A US Senate panel advanced a bipartisan bill aimed at limiting the use of workplace nondisclosure agreements after the committee delayed its consideration several times.
The legislation, known as the SPEAK Out Act (
The legislation specifically targets those agreements signed before a dispute arises. The Senate Judiciary Committee advanced the bill by a voice vote, after the House Judiciary Committee advanced a companion bill in July.
Since its introduction, the bill has had bipartisan, bicameral support, a rare feat for pro-worker legislation. During the committee markup, Republican Sens. Chuck Grassley (Iowa) and John Cornyn (Texas) expressed support for the bill, joining a handful of Democrats in doing so.
The bill’s path hasn’t been friction-free, however.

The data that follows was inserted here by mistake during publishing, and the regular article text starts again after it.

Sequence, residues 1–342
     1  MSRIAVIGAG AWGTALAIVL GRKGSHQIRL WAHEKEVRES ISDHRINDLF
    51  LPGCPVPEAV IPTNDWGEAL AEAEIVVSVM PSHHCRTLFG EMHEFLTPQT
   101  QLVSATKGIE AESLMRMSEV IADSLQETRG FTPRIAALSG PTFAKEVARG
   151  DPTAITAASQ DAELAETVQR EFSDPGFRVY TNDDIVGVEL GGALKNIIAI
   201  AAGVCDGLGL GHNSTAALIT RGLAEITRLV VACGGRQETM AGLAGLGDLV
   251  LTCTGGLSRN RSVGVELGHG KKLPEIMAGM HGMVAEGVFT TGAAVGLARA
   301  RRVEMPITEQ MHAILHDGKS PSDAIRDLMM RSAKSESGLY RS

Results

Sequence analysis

The Senate panel twice delayed its consideration of the legislation, and the bill has faced pushback from outside groups. Conservative think-tank the Heritage Foundation is opposing the bill on constitutional grounds, and calling it “duplicative.”
“There are serious questions about the congressional authority to even pass a bill like the Speak Out Act, because Congress has only the powers explicitly enumerated in the Constitution, and no more,” Sarah Parshall Perry, a senior legal fellow with the Heritage Foundation, said in an email.
“Not only have state laws that mirror this bill already been passed in California, New York, and Pennsylvania, but employees and potential employees are already protected by certain provisions of federal law regarding employment that are specifically germane to this legislation,” she said.